Among other questions dogging Junior: why did a made-member of the Chicago mob boast publicly that he was a Hoffa fundraiser?  How much money did the Mafia raise for Hoffa?  And how did thousands of dollars in Teamster pension money from an Old Guard local get routed through the Cayman Islands and back into the hands of a stockbroker who is a member of Local 337, a Detroit-based Hoffa-allied local?

(One also wonders why a stockbroker is a member of a Teamsters local, but that’s a tale for another time.)  It will likely take months to sort through all this debris, and, in the end, Hoffa may or may not be left standing.

The Fight Ahead

However the candidates shake out, one thing is certain.  The reform slate will of necessity return to the 1991 low-budget, grassroots version of campaigning.  And thank goodness.

Carey’s decision to hire crooked, Democratic Party-linked consultants for his `96 campaign was “a monumental blunder,” in the words of TDU National Organizer Ken Paff. “It was the opposite of rank and file power .  .  .  It was about finding some kind of short cut .  .  .  and it led to the tragedy of last Monday [Carey’s disqualification.]”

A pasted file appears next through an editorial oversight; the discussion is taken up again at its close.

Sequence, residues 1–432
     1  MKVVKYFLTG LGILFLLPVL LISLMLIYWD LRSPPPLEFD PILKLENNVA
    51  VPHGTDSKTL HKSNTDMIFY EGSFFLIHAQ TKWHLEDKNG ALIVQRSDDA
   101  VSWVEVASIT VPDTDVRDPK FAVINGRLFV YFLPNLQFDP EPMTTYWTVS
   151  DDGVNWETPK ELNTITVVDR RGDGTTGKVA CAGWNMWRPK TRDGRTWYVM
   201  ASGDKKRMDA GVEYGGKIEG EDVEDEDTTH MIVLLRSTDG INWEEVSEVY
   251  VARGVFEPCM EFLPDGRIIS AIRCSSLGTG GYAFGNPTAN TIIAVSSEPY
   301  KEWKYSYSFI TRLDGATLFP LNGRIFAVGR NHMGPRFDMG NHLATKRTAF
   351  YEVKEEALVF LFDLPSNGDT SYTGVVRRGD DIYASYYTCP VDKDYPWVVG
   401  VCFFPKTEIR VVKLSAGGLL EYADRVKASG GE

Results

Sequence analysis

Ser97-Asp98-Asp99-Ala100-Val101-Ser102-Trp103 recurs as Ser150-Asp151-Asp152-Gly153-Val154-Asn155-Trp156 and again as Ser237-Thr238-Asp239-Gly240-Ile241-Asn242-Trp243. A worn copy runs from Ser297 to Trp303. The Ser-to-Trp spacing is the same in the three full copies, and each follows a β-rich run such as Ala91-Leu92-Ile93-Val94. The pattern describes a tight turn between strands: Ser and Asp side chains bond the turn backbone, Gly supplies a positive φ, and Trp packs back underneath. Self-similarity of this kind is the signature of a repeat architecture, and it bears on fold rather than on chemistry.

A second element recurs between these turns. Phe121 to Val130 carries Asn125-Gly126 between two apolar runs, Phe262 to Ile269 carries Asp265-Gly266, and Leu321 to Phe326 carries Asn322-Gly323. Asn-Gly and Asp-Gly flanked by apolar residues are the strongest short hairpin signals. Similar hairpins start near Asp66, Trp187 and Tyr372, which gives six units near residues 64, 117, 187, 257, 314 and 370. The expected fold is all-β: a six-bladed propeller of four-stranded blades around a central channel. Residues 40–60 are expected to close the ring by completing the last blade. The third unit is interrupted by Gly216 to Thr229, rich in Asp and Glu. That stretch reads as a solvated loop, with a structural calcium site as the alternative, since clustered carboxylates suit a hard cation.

Old Guard union thugs can afford transgressions far worse than misusing union cash to fund their campaigns, but the Carey experience shows that reformers who take on corporate America had better keep their house cleaner than clean and rely solely on the ranks.  Any mistake they make will be used to trip them up.

What becomes of TDU in the post-Carey Teamsters?  An independent group, TDU’s fate has for years been tied to Carey’s and vice versa.